Thunder roared over the land in late summer. Wind whipped the sea to a frenzy, giving voice to its discontent and lending power to its eternal battle with the land that was its jailer. Gray curtains of rain slashed across the face of Castle Palomares, obscuring the angular crenellations of its mighty walls. Sentries, positioned along the ramparts and barbican, shivered beneath their sopping cloaks and wiped rain from eyes, ordinarily sharp, now dimmed by the deluge.
Sir Fallon De Gothia, Trisagion knight of the Brotherhood of the Rose and the Order of the Third Circle, was a man accustomed to storm and turmoil, for his vocation was one of death. He drew rein on a knoll a quarter league from the castle and patted Erebusís neck, one of his two warhorses. Erebus was black as midnight, and Eos gray, the color of first light.
Rumor whispered that he was the cast off son of a cardinal, but rumor was a vaporous vamp and a trickster that offered nothing beyond the titters it accorded the highborn. Fear and respect belonged to him in abundance, but only so much as he purchased with the edge of his blade, a Trisagion sword forged to slay the marked.
Beneath the soaked hood of his mantle, dark eyes inspected the stronghold, piercing and exceptional for their depth rather than color. Ebony hair wisped against his lean cheek in a damp strand ending at the corner of a mouth that suggested a life of hardship. He was well formed, tall, lithe, and possessed of a graceful carriage that earned him admiring glances from both genders. Thin lips, a straight nose and a pale complexion bestowed him with an exceptional masculine beauty. Upon the black silk of the surcoat overlaying his linked mesh their insignia was embroidered, a red rose encircled with a wreath. Upon his left shoulder, a red triangle ranked him as Trisagion, elite member of the Brotherhood of the Rose to which he was forever bound.
To the east, his glance took in hills smoothed by their nemesis of constant wind. Flattened grass, weighted with heavy rainfall, lay like vanquished soldiers across the battlefield of the elements. Mighty oaks bent, their leaves stripped from limbs, many of which were broken like the jagged bones of a lionís kill.
To his right and beside him, his letter bearer, Eben Payne, and the bearerís apprentice, Gideon Moreland, sat with cloaks flowing along the flanks of their horses, drenched to the skin. Some called them angels, others gave a less favorable account. Fallon called one of them friend, though the friendship was as fragile as fine glass. Gideon was young and also pleasantly created, owner of a compassionate heart. He was fired with the enthusiasm of his station, in possession of intelligent eyes and delicate brows that accented a seamless forehead. A former cleric, his character lacked for nothing, but his prudence was, at times, thin as fog, his wisdom as that of an innocent, though his dedication burned as hot and constant as the sun. Experience would forge a fine man of him.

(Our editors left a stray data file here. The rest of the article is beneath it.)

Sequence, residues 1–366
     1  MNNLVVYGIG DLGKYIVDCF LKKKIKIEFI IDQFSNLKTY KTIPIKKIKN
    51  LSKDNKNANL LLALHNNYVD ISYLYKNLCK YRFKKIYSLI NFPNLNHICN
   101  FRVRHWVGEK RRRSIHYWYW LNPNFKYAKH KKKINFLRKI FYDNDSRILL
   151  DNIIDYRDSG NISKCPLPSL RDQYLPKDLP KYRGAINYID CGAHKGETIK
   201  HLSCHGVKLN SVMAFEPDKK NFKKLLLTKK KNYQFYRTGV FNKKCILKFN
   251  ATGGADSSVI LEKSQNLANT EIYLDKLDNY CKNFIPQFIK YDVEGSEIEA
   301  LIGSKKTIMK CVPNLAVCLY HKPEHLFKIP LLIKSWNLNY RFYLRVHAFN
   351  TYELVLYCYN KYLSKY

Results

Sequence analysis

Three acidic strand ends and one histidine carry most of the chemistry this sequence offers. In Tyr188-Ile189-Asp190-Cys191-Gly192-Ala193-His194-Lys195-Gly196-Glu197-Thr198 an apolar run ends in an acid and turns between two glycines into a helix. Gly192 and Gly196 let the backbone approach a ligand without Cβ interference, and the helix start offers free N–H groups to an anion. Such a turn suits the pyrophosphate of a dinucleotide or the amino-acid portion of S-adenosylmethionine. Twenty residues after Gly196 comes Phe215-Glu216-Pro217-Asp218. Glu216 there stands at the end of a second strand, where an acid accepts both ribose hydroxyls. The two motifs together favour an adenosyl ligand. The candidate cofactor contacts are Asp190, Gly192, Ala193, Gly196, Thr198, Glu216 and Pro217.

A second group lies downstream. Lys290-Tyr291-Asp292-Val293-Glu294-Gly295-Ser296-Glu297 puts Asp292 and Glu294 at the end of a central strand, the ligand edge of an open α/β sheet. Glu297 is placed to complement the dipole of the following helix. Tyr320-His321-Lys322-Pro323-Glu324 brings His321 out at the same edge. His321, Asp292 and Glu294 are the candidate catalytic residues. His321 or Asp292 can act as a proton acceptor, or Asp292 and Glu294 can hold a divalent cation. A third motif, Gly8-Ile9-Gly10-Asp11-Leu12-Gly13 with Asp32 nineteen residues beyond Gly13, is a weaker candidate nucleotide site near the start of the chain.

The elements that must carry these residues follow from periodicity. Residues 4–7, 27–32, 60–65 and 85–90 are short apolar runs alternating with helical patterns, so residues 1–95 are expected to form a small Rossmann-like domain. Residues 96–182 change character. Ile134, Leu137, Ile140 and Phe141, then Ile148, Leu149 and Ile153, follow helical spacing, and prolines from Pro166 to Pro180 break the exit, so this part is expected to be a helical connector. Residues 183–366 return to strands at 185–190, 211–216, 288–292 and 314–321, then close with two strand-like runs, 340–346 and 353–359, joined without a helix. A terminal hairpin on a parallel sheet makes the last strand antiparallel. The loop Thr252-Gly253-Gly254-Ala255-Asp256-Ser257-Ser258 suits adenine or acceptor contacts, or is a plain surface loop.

Had the watchmen along the castle ramparts failed to recognize their true identity, they might have shot them all from the backs of their horses the moment they rode within range, though it would have done them little good. Eben carried a letter of destiny, a missive thought to be of great value. The ciphers were an honor to receive. Eben Payne was a bearer and a man bound by blood to his calling, which, in turn, meant that he could not die. At least, not until his last letter was delivered.
Fallon looked forward to it with much anticipation.
Gideon offered no complaint about the conditions, but not so Eben.
"íTis cold," Eben said, his rotund body shivering in the rain. His eyes were rather small for the face they occupied and his cheeks were round and florid.
"And early," Fallon answered. They had ridden a good part of the night, a frequent occurrence, for to delay a letter invited danger.
Behind them rode Tarin, a fair-haired lad of ten years, who attended them and their horses. He carried their standard, now hanging limp in the rain, the precious silk that guaranteed them safe passage through numerous realms. Or should. "Will we be sheltering for the rest of the day?" he asked, his voice rich with longing.
"We shall see," Fallon answered. All four were wet, cold and hungry. He touched Erebus with a silver spur, one of a pair conferred at his entry into the knighthood.
Together they rode for the castle gate, while the wind drove rain slanting into their faces without mercy.
"According to rumor, Leuther is here," Gideon said.
"Perhaps he is," Fallon answered. He attached no significance to it yet, although a drop of bitterness burned inside.
Above them, sentries manned the breastwork slung between the gate towers. Fallon haled them. "We are upon the business of the Order of the Third Circle and seek the Lord Palomares. Raise the gate."
A streak of lightning rent the heavens, flashed bright across the land. The portcullis rose in its track with a rumble that matched the thunder.